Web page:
Federal lawmakers and their staffs don’t have to be quite as upfront about taking lobbyist-funded trips after a change quietly snuck into U.S. House rules.
The change does away with the requirement that lawmakers report free trips on their financial disclosure forms. The change was first reported by the National Journal; there was no public announcement.
“Removing the travel disclosure requirement from the annual disclosure form is a blatant attempt to avoid accountability,” Melanie Sloan, executive director of Citizens for Responsibility and Ethics in Washington, told the Associated Press.
Lawmakers are still required to provide a detailed report of free trips to the House clerk, which posts that information on its website.
Rest assured, the I-Team will be watching those reports.
In September, the I-Team reported that sending members of Congress traipsing the globe cost taxpayers more than $3.6 million since the beginning of 2011. These were publicly funded trips, as opposed to the lobbyist-funded trips affected by the recent change.
We found trips to such non-strategic vacation hot spots as Italy, Ireland, Monaco and Malta.
And, we found, disclosed costs did not include VIP military flights that could cost up to $10,000 an hour to operate. Those costs are not publicly reported.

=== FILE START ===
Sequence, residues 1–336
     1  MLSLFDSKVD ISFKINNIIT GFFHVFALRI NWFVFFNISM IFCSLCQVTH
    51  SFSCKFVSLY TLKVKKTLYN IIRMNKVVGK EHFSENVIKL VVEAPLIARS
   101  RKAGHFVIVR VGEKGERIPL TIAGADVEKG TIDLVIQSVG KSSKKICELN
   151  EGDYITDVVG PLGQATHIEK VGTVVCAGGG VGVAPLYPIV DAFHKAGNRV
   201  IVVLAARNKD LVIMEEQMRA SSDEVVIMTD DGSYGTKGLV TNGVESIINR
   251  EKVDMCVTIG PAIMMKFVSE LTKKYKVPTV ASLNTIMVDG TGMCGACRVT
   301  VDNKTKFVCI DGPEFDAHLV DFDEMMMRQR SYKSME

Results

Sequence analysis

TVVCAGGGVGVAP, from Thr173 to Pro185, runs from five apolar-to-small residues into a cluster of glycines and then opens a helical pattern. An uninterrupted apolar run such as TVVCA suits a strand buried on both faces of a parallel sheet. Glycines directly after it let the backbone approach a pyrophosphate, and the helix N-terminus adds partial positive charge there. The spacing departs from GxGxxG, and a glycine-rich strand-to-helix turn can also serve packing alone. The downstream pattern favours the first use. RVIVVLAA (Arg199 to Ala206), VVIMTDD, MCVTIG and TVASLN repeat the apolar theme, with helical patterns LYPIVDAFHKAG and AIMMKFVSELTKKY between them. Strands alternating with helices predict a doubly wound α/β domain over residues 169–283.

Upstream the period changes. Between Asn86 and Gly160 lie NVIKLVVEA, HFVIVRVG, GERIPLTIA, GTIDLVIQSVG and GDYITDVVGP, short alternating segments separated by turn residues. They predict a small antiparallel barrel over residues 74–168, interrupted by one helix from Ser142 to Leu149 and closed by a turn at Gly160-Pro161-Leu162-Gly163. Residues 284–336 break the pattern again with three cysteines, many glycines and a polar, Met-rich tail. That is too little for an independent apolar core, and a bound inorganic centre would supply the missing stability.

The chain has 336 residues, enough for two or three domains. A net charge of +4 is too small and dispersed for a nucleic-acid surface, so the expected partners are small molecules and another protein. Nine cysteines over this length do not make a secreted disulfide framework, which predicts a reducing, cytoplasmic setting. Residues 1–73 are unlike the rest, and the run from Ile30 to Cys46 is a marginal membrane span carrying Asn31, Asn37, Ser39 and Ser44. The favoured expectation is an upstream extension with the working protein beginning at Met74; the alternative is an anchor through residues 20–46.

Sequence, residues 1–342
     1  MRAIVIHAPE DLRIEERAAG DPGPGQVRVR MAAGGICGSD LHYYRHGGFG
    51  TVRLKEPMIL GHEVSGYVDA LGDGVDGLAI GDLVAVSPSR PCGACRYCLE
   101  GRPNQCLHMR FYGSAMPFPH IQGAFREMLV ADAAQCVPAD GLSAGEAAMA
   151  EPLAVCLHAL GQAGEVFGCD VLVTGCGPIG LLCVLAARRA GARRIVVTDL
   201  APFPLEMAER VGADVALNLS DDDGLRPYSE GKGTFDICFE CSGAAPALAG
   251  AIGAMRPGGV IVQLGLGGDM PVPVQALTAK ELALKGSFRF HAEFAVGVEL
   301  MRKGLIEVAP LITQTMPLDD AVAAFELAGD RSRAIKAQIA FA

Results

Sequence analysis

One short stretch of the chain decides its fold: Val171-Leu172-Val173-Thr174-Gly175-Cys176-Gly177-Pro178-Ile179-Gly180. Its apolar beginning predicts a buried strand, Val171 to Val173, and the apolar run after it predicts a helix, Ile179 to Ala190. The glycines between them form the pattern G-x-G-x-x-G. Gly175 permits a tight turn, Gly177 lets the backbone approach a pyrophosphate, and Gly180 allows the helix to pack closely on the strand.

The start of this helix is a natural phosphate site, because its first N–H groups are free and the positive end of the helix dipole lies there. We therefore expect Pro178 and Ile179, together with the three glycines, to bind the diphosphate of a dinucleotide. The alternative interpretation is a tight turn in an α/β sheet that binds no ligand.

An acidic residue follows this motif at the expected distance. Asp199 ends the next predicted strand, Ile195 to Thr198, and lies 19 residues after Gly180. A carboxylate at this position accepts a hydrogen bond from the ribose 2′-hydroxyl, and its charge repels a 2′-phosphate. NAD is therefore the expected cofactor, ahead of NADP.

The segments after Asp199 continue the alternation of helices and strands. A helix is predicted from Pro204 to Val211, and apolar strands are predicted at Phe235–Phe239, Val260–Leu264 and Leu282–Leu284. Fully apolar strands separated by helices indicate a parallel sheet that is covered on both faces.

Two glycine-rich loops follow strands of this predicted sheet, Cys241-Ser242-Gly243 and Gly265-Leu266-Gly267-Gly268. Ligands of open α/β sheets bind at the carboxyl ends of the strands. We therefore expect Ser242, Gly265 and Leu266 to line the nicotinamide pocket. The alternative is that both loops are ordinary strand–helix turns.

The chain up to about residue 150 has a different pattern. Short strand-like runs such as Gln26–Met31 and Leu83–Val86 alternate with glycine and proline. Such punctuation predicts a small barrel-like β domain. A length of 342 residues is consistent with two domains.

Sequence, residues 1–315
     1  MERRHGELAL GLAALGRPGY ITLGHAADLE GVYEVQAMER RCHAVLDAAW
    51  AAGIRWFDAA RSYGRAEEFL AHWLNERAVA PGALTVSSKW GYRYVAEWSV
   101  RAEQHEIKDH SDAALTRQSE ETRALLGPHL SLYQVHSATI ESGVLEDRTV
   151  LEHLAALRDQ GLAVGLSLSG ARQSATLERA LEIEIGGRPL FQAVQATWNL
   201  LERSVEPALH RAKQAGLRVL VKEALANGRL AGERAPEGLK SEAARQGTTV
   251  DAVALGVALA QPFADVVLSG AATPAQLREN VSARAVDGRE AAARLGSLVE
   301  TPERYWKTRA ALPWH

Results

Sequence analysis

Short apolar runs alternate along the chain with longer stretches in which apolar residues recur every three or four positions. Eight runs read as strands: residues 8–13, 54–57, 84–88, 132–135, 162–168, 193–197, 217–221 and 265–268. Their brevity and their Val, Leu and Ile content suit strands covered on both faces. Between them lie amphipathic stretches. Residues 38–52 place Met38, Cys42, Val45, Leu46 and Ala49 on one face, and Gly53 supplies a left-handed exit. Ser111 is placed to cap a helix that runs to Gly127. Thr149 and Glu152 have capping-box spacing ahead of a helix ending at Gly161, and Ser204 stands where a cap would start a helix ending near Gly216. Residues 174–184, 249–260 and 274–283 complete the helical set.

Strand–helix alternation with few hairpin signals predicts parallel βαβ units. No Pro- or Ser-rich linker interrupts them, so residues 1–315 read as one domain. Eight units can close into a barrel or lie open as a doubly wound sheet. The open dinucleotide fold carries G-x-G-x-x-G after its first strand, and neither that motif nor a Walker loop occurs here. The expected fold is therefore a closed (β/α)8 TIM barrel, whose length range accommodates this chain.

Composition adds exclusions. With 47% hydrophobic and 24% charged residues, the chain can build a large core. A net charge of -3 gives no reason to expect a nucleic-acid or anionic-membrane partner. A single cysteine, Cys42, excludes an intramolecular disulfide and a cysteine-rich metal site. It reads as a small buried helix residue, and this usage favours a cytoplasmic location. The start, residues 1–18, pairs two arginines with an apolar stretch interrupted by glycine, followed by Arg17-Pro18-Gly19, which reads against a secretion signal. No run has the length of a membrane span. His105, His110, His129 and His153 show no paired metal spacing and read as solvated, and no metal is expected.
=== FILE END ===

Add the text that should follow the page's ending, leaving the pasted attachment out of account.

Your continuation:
We will continue to keep federal lawmakers accountable as they use your money or accept junkets from lobbyists, even if — fingers crossed — we have to go to Monaco to do so.
Man dies before getting VA appointment
We now turn to Massachusetts for another example of an issue uncovered by the I-Team getting worse before it gets better: concerns about wait times for medical care at Veterans Affairs hospitals.
Suzanne Chase of Acton, Mass., last month received a letter from the VA saying her husband could make an appointment with a primary care physician.
Problem was, he died in August 2012.
“I was in complete disbelief,” Chase told CBS News, which reported the story.
Her husband, Doug, was a Vietnam veteran who was diagnosed with a brain tumor in 2011. She tried to move him to the VA hospital in Bedford in 2012, the news station reported, so he could be closer to his family.
The VA’s response was far too little, far too late.
CBS News said the letter concluded with: “We are committed to providing primary care in a timely manner and would greatly appreciate a prompt response.”
Earlier this month, the I-Team analyzed solutions proposed by area veterans to ongoing concerns of the quality and timeliness of care at VA medical centers. This included giving the VA more money, hiring more doctors, letting veterans seek care elsewhere and giving the agency the power to discipline poor performers.
Pentagon asks for $59B just in case
While VA hospitals may be lacking resources, the Pentagon is not.
On top of its $496 billion budget, the U.S. Department of Defense is requesting a Overseas Contingency Operations budget — “just in case” money — of $59 billion.
Watchdog group Taxpayers for Common Sense released an analysis this month that notes the contingency request is enough money to nearly fund the departments of Labor, Interior and Commerce as well as the Social Security Administration, the Environmental Protection Agency, The National Science Foundation and the Corps of Engineers.
The VA’s entire annual budget is $65 billion.